Being sick is not a fun at all. I know, because I was a sick girl when I was young. Being sick when you are 78 years old is even harder.
I wrote this series of posts about my mom, who is 78 years old, and after many years of battling sickness, was in enormous pain and very depressed, until she came for a 5-week healing visit in Australia. Our house was not a retreat in any way, but I came up with a plan, using all the techniques I ever used with my clients, and was determined to use them on the person who is very dear to me – my mother, who was just waiting for her life to end.
When I was studying special education, we used to say that if you hang around kids, it keeps you young. I always believed it was true. Kids are born clean and pure and their energy is only corrupted by the presences of the anxious, angry, frustrated and sad people in their life.
Only later on, I discovered that this is actually done through mirroring. When we hang around other people, we sense what they are feeling and our mind “lights up” in the same way they do.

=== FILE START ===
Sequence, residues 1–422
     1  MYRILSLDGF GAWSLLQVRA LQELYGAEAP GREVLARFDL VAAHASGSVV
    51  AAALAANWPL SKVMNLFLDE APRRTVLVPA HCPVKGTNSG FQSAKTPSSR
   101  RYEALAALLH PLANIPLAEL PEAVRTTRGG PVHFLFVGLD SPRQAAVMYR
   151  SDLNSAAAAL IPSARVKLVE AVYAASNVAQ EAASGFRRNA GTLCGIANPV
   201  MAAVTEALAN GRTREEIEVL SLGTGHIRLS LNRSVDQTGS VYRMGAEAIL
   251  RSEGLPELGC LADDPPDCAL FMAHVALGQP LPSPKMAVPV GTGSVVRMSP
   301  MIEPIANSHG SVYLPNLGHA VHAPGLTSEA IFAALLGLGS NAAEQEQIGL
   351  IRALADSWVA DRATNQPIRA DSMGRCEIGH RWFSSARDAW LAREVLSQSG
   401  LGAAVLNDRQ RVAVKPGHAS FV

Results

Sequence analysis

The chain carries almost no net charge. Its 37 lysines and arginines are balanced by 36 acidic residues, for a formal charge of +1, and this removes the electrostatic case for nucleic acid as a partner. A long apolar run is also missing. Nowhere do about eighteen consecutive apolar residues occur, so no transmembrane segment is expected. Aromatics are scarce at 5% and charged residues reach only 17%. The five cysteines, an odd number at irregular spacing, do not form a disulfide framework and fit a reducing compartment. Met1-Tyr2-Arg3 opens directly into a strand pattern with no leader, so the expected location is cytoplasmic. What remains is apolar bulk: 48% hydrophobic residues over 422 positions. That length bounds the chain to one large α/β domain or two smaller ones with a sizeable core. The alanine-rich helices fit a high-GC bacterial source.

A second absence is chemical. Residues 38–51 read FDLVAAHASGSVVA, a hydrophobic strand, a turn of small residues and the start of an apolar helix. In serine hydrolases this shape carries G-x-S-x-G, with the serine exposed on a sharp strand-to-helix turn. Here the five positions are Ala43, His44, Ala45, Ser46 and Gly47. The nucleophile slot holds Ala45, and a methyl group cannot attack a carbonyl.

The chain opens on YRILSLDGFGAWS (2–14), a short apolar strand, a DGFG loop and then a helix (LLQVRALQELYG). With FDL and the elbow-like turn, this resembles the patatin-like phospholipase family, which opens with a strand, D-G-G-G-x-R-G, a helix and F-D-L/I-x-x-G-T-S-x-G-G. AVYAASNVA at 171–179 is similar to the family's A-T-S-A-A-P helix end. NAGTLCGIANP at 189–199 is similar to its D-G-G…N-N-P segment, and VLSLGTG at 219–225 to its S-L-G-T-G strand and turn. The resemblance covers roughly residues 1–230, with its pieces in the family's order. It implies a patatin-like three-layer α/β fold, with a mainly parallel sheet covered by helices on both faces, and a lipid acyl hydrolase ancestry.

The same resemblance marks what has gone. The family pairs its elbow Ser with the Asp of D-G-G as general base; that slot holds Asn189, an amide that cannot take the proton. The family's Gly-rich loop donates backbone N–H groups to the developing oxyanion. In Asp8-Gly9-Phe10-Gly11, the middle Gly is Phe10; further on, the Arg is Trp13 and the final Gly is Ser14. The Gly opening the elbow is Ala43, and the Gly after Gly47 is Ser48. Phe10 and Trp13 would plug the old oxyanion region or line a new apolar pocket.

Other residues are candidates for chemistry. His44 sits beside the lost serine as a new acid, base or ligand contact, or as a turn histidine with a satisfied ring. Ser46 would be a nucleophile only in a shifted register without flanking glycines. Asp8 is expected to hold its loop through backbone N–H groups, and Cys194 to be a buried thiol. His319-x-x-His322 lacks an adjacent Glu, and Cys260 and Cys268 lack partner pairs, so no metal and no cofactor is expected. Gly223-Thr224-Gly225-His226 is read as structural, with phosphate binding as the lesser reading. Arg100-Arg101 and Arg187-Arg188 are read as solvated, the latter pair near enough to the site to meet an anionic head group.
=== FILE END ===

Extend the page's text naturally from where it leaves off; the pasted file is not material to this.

Babies laugh a lot and trust fully. They love physical touch, enjoy every second and, although they can’t do many things, it never stops them from trying again, and again, and again. There is a lot we can learn from babies.
My mom always loved babies. I first discovered this when my eldest daughter, Eden, was born. I was in the hospital for 10 days and my mom offered to come and stay with us for a week after I got out and help me.
I remember how I freaked out. I never had anything with my mom. We never talked, and I wasn’t sure what I would do with her. I thought it would be awkward, but I needed help, because I had an infection. I had to go to the hospital every day for a treatment and needed someone to take care of Eden.
Let me tell you, that week was the surprise of my life. My mom talked to Eden for hours. She sang to her, she massaged her, she rocked her, she held her with such confidence, she turned her upside down and she squeezed her. Under her care, Eden was the happiest and most comfortable baby on earth.
The first night we came home, she slept for 7 hours, so we woke up worried. For all we knew, babies woke up often and had to feed every 3-4 hours.
My mom was an amazing surprise. She cooked for me, squeezed fresh orange juice and told me to eat, drink, sleep and feed Eden, so that’s what I did! She even told me stories about her and about me and my baby years that I had never heard.
I think it was the best week I ever spent with my mother. In that week, I learned how much my mom loved me and that just how amazing she was with babies.